LONDON (Reuters) - U.S. regulators have granted a priority review to AstraZeneca’s ovarian cancer drug Lynparza as a treatment for breast cancer, putting it on track for potential approval in the new disease area during the first quarter of 2018.
The medicine, which is being jointly developed and marketed with Merck under a deal struck in July, is the first poly ADP-ribose polymerase (PARP) drug to be considered for use outside ovarian cancer.
Lynparza is also being tested in prostate and pancreatic cancers, the two companies said on Wednesday.
The successful breast cancer submission to the U.S. Food and Drug Administration follows a clinical study showing advanced breast cancer patients with certain gene mutations experienced double the response rate and delayed disease progression when treated with Lynparza compared with chemotherapy.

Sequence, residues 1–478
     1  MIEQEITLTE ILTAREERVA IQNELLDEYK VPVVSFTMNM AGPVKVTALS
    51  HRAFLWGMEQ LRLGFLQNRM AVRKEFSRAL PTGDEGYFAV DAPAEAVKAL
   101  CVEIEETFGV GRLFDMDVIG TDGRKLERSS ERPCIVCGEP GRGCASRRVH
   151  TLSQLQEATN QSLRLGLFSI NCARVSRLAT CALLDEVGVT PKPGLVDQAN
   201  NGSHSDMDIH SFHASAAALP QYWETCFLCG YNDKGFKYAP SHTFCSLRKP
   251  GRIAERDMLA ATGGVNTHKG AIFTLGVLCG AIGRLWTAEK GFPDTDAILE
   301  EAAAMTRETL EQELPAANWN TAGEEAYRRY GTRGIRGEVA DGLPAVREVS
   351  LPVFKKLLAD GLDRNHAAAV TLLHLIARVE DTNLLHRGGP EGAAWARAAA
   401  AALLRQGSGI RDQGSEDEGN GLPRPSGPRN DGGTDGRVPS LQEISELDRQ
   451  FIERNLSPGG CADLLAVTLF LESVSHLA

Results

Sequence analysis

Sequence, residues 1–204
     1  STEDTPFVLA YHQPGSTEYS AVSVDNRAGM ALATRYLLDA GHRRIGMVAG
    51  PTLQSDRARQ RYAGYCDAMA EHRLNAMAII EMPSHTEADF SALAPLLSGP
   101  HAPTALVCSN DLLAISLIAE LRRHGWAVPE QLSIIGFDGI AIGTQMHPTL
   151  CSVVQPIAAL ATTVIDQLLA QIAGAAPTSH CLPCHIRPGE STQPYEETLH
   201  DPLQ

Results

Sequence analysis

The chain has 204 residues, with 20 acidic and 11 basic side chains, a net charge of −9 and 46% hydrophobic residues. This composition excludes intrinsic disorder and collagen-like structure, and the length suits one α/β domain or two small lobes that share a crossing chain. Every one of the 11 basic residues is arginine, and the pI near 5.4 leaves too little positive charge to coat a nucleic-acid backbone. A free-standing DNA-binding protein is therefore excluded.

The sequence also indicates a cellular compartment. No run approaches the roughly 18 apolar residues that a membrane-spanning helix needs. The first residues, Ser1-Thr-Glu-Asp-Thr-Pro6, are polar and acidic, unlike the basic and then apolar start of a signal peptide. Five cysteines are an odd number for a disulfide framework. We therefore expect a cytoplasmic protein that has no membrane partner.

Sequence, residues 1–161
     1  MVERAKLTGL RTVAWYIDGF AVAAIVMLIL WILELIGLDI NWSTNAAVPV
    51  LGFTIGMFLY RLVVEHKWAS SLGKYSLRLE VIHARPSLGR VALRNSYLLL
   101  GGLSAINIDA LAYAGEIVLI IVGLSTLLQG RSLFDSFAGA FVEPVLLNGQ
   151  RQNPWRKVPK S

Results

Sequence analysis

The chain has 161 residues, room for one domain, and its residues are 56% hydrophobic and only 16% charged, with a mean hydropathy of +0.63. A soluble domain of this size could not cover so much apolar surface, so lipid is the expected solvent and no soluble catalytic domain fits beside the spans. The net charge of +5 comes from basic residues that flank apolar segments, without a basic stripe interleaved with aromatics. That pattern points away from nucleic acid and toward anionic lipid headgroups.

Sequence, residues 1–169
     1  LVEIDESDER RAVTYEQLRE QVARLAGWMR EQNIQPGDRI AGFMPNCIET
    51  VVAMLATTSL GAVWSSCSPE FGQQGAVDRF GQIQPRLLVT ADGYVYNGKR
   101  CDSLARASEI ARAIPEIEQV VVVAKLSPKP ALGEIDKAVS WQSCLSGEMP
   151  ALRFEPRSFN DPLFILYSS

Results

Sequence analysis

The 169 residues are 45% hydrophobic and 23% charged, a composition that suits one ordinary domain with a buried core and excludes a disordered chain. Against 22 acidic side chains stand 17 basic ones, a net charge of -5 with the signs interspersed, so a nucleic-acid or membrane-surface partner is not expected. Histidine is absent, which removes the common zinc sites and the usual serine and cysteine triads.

Lynparza - abandoned at one stage by AstraZeneca but revived by CEO Pascal Soriot when he took over in 2012 - became the first PARP drug to reach the market when it won U.S. approval for ovarian cancer at the end of 2014.
It now faces competition from rival products made by Tesaro and Clovis Oncology that are also approved for ovarian cancer.
PARP inhibitors work by blocking enzymes involved in repairing damaged DNA, thereby helping to kill cancer cells.
Reporting by Ben Hirschler. Editing by Jane Merriman